Campaigners gather in front of Senedd to call for action on housing crisis
Campaigners have gathered in front of the Senedd to call on the Welsh Government to act on the housing crisis.
Cymdeithas yr Iaith’s calls include asking for a Property Act to regulate house prices and rent so that they are affordable for people living on local incomes.
Cymdeithas Chair Mabli Siriol, Rhys Tudur of the Hawl i Fyw Adra (Right to Live at Home) campaign and director/producer and former Cardiff City announcer Ali Yassine were among those to address the crowd.
Speaking ahead of the rally, Mabli Siriol Jones said that the problem of unaffordable homes and rents was one that was felt across the country.
“People see the injustice of the housing and planning system in their daily lives, all over the country. It is not right that some have more than one house, while others are homeless,” she said.
“The evidence is clear — be it the people who have to choose between paying for heat or rent; the young people who have to leave their community to be able to afford a home; or the people who see the life of their communities in decline because of luxury second homes that remain vacant for most of the year.
“The free market is at the heart of these Wales-wide problems, which manifest themselves in a variety of ways in our communities. But this is the result of political decisions, and things can be done differently. We have won before, and if we pull together as communities and campaign hard, we will sooner or later see a transformed housing and property system. Together, we have the power.”
The rally follows other Cymdeithas yr Iaith protests in Tryweryn in July this year and in Newport, Pembrokeshire last month.
Ali Yassine added that everyone should have the right to a home in their community.
“But both Westminster and Welsh Governments over the decades have treated housing as a profit-making business rather than simply as homes for people,” he said.
“They have prioritised capital over communities. The consequences have been devastating for the ordinary people of Cardiff, Wales, our communities and the Welsh language – and they are getting worse.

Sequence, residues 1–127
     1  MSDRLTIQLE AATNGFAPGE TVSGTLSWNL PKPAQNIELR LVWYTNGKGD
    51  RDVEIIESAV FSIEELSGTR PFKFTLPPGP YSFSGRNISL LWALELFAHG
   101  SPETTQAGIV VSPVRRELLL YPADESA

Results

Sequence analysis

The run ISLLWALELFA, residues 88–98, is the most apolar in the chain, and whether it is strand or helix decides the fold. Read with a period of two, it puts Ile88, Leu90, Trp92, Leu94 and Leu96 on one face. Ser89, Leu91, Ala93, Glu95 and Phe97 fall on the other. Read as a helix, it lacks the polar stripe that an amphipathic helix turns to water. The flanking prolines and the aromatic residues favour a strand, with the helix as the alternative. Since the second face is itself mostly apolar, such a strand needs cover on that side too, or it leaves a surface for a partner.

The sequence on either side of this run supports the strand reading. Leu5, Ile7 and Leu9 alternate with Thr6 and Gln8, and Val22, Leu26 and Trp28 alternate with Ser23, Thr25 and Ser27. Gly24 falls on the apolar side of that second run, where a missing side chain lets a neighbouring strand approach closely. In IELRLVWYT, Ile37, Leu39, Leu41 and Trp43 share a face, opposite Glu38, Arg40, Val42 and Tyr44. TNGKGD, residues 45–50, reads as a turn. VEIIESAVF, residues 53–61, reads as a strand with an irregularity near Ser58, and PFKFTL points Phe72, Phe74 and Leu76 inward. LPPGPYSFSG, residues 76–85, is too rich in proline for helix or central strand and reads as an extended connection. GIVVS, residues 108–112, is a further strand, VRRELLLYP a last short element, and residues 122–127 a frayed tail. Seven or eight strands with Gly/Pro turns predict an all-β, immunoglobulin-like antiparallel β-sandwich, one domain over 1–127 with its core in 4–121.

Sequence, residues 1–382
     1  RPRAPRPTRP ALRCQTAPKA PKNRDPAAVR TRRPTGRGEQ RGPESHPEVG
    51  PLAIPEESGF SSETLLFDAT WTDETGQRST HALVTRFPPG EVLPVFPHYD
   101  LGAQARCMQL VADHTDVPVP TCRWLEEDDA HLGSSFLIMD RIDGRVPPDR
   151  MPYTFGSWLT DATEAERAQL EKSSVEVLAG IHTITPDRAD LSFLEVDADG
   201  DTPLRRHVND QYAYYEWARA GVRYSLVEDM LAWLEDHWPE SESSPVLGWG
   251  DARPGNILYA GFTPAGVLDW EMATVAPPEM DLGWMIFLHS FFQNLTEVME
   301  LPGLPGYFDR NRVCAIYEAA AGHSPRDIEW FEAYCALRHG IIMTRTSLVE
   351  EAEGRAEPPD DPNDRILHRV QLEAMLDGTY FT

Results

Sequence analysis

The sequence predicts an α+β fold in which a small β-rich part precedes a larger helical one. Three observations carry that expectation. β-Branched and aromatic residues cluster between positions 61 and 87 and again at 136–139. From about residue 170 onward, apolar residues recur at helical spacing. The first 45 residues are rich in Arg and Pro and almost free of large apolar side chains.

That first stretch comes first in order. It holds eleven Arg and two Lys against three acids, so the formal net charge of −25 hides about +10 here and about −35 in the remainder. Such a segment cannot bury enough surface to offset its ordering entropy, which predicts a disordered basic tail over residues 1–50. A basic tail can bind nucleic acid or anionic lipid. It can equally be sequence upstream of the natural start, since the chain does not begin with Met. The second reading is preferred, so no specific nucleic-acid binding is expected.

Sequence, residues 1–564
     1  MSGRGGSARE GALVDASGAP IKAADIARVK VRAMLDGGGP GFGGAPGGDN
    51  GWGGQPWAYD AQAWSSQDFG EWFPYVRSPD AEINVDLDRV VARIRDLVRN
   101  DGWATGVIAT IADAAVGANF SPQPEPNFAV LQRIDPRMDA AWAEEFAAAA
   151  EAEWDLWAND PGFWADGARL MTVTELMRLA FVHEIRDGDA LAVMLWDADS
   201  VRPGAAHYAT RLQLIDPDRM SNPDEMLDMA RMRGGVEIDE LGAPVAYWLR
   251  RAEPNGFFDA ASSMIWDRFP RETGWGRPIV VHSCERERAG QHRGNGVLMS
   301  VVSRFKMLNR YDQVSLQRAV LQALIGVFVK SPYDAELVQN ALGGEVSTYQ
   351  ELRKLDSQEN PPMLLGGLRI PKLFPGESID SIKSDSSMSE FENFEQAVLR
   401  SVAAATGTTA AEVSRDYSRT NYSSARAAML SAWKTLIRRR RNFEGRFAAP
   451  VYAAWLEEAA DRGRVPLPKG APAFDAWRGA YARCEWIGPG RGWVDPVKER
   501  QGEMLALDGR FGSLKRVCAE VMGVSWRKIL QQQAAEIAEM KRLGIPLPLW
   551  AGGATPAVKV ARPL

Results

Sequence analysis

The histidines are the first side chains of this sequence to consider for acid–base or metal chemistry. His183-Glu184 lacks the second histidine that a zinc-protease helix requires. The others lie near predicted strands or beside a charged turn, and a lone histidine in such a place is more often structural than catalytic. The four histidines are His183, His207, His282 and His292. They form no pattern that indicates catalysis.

“It does not have to be this way. With the right policy measures, we can secure a home for everyone, and strong, Welsh speaking communities in all parts of the country. ”
One campaigner, Osian Jones, arrived at the rally having cycled 180 miles from Caernarfon.
He plans to hand Mark Drakeford a letter signed by hundreds of community and town councillors across Wales, urging the First Minister to take immediate action.
“We’ve held a rally in Capel Celyn, a village that was lost decades ago, and another rally in Newport in Pembrokeshire, an area threatened by second and holiday homes for years,” said Osian at the start of his journey.
“So this rally will be on the steps of the Senedd, taking the message straight to Government. And I’ll be bringing the clear message from communities across Wales who want action.”
On Thursday it was confirmed that the Senedd’s Local Government and Housing Committee was launching an inquiry into the issue of second homes in Wales.
But acknowledging that the Welsh Government is looking at the issue, the letter urges decision makers to take immediate action.
“These are some of the only communities in the world where Welsh is spoken and used as a community language, and that makes the future of these communities even more important,” it goes on to state.
“As you know (and we thank you for acknowledging that a problem exists), the future of these communities is under real threat due to the numbers of second homes and holiday homes.
“We sincerely hope that you, as our First Minister, and as someone who has fought all your life against social injustice, agree that this kind of situation is completely unacceptable.
“For nearly half a century, there has been a demand for action to manage the housing market and empower local communities to secure homes and a future for their people. For a decade our Senedd has had the power to legislate.
“We ask that you finally use that power to secure justice for our communities – rather than confining yourself to minor reforms of an essentially unjust regime.”
The Welsh Government says it recognises the challenges facing some communities, noting it is building 20,000 new homes and that Wales is the only UK nation which allows councils to charge up to a 100% premium on the council tax of second home owners.
Additional reporting by the local democracy service.
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